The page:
Stronger regulation of providers

Did you know there are over 150,000 NDIS providers, but only 16,000 (including Like Family!) are registered? Unregistered providers do not have to meet the same level of standards as their registered counterparts, which makes it harder for the NDIS Commission to intervene when something goes wrong.

The NDIS review has suggested a new approach whereby all providers would have to be enrolled or registered. Providers with high-risk supports would require advanced registration, while those with the lowest-risk supports would have the fewest requirements.

In addition, more NDIS workers would have to undergo mandatory screening (not just those who work for registered providers in risk-assessed roles).

Build a responsive and supportive workforce

Two people enjoying an iced coffee at a cafe. One is using a laptop.
Photo by Brooke Cagle / Unsplash

Speaking of NDIS workers—we're going to need 128,000 more workers by June 2025. But getting an NDIS Worker Screening Check can take a long time, many workers can't access the right training, and some are getting burned out.

To solve this workforce crisis, the NDIS review has recommended:

  • trialing a workforce attraction and retention initiatives, like a portable training and leave scheme. This would make it easier for workers to upskill and work with multiple organisations across the care and support sector.
  • develop targeted and flexible migration pathways for care and support workers to attract more overseas workers and fill workforce gaps.
  • more focus on peer workers (workers with lived experience with disability) to improve quality of support.

Investments in technology

Technology has come a long way since the NDIS started in 2013! The NDIS review's tenth recommendation talks about improving digital infrastructure so participants can access more relevant and timely information.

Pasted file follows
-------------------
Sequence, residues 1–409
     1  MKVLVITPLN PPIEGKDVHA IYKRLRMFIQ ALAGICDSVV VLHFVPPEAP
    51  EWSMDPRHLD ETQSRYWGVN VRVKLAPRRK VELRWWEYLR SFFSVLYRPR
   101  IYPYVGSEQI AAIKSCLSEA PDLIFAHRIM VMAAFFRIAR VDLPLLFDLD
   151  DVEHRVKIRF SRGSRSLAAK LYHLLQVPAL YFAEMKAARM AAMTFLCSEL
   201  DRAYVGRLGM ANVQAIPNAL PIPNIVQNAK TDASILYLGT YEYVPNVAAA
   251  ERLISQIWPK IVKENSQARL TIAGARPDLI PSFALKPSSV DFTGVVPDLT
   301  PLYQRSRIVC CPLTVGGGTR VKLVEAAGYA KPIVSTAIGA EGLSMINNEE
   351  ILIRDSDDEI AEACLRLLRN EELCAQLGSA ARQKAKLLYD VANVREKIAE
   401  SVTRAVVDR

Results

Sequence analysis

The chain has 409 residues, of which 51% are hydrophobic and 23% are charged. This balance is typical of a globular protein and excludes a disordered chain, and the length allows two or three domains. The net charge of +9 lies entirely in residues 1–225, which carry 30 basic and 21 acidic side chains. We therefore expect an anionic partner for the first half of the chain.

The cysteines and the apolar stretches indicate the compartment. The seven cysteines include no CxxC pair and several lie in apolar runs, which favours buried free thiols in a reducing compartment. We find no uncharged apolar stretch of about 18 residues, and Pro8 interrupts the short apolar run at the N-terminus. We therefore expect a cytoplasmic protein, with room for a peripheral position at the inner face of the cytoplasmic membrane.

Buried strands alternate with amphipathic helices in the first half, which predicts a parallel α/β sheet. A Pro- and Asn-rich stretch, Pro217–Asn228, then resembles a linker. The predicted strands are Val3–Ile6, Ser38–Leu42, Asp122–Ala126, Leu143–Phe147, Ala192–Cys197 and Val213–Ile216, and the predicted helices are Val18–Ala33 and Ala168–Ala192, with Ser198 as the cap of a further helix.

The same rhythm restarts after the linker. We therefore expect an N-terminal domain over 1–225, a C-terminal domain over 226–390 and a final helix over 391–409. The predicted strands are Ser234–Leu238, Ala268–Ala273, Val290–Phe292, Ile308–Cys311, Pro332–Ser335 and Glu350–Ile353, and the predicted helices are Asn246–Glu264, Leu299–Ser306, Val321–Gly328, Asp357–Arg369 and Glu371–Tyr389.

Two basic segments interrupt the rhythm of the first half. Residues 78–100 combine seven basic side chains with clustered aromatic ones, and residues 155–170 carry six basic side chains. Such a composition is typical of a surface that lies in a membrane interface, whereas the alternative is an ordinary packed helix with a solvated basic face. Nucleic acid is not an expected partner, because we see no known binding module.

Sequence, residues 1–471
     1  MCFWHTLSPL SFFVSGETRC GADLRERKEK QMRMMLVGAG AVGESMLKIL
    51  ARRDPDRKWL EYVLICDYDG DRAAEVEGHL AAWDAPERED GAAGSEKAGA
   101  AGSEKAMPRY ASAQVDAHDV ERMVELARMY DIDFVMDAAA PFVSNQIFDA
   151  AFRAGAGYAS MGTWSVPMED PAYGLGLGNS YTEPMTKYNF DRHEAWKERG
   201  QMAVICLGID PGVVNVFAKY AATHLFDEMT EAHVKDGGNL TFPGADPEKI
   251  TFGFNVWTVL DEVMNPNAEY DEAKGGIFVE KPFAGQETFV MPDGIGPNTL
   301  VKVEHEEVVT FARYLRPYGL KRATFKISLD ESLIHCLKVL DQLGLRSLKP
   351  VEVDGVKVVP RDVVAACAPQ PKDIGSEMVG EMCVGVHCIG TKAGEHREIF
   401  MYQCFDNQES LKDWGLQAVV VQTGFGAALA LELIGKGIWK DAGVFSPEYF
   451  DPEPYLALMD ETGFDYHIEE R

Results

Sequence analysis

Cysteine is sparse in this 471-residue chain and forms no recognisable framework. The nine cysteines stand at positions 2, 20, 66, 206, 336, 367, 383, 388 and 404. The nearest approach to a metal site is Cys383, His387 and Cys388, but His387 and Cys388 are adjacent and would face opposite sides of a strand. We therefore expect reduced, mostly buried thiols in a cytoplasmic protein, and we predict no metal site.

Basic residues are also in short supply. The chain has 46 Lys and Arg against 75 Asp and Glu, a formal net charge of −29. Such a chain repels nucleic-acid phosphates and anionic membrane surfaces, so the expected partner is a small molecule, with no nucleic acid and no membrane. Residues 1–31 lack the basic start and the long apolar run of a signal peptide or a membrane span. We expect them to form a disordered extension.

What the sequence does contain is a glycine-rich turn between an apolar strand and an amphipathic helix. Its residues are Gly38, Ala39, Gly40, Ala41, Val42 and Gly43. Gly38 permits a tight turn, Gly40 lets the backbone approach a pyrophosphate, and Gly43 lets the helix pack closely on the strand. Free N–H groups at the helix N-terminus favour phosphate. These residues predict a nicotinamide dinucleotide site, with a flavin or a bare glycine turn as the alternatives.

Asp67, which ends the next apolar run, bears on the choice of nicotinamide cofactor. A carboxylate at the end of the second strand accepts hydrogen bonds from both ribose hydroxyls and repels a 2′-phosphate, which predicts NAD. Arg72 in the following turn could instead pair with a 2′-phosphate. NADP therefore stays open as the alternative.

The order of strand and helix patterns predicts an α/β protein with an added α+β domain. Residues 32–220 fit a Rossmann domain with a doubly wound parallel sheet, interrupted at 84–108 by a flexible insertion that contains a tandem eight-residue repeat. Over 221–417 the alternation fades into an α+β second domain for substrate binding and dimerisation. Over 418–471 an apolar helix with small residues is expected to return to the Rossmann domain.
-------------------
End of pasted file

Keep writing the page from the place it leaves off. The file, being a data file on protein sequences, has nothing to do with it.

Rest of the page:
Two of the main improvements would be:

  • building a centralised, online platform to make it easier to find local supports (beyond the basic NDIS Provider Finder tool we have now). This platform would allow people to compare providers based on the price, safety and quality of their service.
  • introducing a multi-channel digital payments approach to allow participants to pay all providers directly, and more easily monitor spending. This could reduce the need for Plan Managers in the long term.

What happens next?

These recommendations could have a massive impact if they get implemented—many providers will need to get registered, Support Coordinators could turn into Navigators, and people with disability locked out of the NDIS could finally get access to the supports they need.

That's why the NDIS review has suggested a five-year transition period to implement them, once the government makes its decision next year.

Like Family is committed to playing our part in this process. We look forward to actively engaging with the review and contributing our expertise to help shape the future of the NDIS ❤️.